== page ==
Legislation to allow guns on campus, Chancellor opposed
The Arkansas legislature recently voted to approve legislation that will permit trained and licensed faculty and staff to now carry concealed weapons at public educational institutions in the state.
House Bill 1243 was proposed last month by Republican Arkansas Rep. Charlie Collins of Fayetteville, who introduced the bill to for a third reading Feb. 25, noting that allowing concealed weapons would help deter crimes.
Following the reading, the bill cleared the House with a 70-11 vote and the Senate with a 31-4 vote.
Several measures were taken in crafting the bill to appease those who were reluctant to accept the legislation. For example, the presence of firearms on residential campus areas is prohibited. An opt-out provision was also added to the bill for colleges that do not wish to participate. However, the decision to decline the measure is only effective for one year; the gun ban must then be readopted by the administration, if it chooses to do so.
“If the bill becomes law, we will consult our general counsel, the chair of our board of trustees and the leaders of the individual campuses before making a policy recommendation to the board that considers all aspects of the law,” said Ben Beaumont, spokesman for the University of Arkansas System.
One such campus leader is UALR Chancellor Dr. Joel Anderson, who said that he is opposed to allowing guns on the Little Rock campus.
“I don’t think it would make the campus safer. As a matter of fact, I think it would increase the risk of injury or death by firearm,” Anderson said.
The chancellor discussed the issue of putting faculty in a position to respond to situations for which they are not adequately trained. “My concern is that people shoot the wrong person,” said the chancellor, adding that he has close friends that carry concealed weapons. Anderson said that, in his opinion, the short training that carriers receive does not prepare them to the extent that police officers are trained.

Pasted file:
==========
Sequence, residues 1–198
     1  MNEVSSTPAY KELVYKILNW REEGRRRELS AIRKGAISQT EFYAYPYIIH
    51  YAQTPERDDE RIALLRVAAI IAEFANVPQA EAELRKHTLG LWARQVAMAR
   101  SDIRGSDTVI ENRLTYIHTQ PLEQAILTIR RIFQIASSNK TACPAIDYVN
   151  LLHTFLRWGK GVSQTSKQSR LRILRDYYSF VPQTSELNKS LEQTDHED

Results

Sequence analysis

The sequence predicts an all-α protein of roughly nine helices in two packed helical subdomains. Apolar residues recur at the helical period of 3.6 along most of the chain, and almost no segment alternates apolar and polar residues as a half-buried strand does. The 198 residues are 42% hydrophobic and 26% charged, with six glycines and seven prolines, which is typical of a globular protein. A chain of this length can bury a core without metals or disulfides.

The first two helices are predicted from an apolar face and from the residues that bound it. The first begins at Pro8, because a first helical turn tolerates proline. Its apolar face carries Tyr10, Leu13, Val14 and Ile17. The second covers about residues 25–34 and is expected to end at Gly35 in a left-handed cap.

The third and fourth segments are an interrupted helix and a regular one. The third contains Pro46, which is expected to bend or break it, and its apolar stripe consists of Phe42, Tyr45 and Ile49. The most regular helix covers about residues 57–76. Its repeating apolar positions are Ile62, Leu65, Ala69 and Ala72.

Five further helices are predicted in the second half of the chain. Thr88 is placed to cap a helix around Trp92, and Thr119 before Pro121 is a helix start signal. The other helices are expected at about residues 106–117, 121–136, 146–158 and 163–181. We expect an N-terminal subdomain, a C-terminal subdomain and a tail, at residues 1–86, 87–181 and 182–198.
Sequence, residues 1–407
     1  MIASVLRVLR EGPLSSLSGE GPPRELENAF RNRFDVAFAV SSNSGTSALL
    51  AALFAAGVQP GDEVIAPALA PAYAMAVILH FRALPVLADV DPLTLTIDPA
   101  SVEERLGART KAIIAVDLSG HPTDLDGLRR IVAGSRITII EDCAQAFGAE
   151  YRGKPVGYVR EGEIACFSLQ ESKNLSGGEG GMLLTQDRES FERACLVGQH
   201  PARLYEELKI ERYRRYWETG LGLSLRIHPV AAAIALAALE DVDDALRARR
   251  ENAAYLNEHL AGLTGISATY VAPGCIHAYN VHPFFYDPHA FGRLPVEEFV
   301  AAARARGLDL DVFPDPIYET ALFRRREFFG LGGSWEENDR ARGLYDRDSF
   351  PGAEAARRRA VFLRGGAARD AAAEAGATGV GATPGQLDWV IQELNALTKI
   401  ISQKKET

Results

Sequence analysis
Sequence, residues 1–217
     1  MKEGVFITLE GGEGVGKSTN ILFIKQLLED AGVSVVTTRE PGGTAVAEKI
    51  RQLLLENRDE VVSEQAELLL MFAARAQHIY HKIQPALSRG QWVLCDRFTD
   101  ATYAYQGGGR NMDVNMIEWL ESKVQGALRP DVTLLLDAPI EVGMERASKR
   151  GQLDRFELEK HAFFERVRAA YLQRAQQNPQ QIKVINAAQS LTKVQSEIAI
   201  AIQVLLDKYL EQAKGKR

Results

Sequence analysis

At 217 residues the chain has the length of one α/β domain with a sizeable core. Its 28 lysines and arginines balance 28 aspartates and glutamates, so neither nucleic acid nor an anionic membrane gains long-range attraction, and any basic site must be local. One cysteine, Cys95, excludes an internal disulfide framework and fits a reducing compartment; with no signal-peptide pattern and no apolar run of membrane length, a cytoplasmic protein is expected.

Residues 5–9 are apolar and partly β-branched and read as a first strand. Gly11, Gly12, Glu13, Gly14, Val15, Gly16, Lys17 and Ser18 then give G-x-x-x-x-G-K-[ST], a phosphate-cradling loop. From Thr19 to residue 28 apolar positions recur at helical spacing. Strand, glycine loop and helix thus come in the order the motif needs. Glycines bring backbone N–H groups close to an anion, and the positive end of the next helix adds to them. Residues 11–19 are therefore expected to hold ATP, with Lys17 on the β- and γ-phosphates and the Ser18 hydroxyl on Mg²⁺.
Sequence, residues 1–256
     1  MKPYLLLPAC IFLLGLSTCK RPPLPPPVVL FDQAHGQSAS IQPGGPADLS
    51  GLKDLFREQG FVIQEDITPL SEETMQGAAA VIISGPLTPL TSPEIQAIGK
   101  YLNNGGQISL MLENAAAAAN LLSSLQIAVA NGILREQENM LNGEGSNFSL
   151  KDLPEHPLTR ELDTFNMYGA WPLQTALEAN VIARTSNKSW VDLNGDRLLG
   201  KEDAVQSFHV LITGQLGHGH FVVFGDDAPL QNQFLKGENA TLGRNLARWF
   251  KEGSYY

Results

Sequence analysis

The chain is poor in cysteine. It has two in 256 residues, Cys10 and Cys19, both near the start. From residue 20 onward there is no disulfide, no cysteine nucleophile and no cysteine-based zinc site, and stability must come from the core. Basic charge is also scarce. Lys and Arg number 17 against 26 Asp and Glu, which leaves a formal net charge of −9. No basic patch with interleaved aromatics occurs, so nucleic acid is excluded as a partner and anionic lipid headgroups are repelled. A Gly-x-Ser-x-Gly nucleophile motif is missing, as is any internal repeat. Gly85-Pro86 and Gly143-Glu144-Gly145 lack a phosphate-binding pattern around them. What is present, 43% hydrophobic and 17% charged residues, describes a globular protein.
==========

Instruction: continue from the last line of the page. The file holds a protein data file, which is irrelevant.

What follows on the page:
The chancellor is not alone in his opposition to the bill. Every chancellor and president in the state opposed the legislation, particularly in its original form, he noted. “So I don’t think that anyone, any of the chancellors, will be for guns on their campus.”
Anderson asserted that schools are among the safest places to be and that bringing guns on campus poses several problems. He quoted U.S. Justice Antonin Scalia, known for his conservatism, who stated in 2008 in D.C. v. Heller, “Like most rights, the Second Amendment right is not unlimited.” In the same discussion, Scalia characterized schools as being among the “sensitive places” that prohibitions should not be questioned.
In response to the notion that guns will act as a deterrent, the chancellor dismissed that claim as an “undocumented hypothesis.” Although Anderson did not reveal what decision he expected the board will make, he affirmed that UALR will comply with whatever conclusion is made. Nevertheless, the bill does have a section that allows schools to restrict guns on certain campus locations.
“I think that provision of the law was in part for UAMS; where, like in the hospital, they would want to forbid the presence of guns. I suppose that, at something like an athletic event, you probably would like to forbid guns, for the sake of the referees,” Anderson joked.
The Office of Campus Housing mailed a four-question survey to some residents on March 4 in order to find out the general consensus of students on such a policy. The responses have not been published yet, but the chancellor stated he has an interest in seeing the results. But he said the survey alone would not sway him against his current opinion.
Anderson expressed his enthusiasm for the recently launched Green Dot program: “The thing I like about the green dot program is that it is in a sense an effort at the grassroots where you get members of the community realizing that as they live here and as they move around and work here, they can make a difference. They can be more than just a bystander as they see a situation developing. I think that’s good, very good.”
Other steps have been taken to insure campus safety, he says, noting that the UALR’s Department of Public Safety has 25 officers who were trained at the Arkansas Law Enforcement Training Academy in Camden. Precautions such as increased lighting, gated entrances and enhanced alert systems are all part of insuring safety.
As for the signing of the bill, it was sent to the Office of the Governor on Feb. 26 and became Act 226 March 1. Governor Mike Beebe has expressed his compliance, saying that he will likely sign it into law.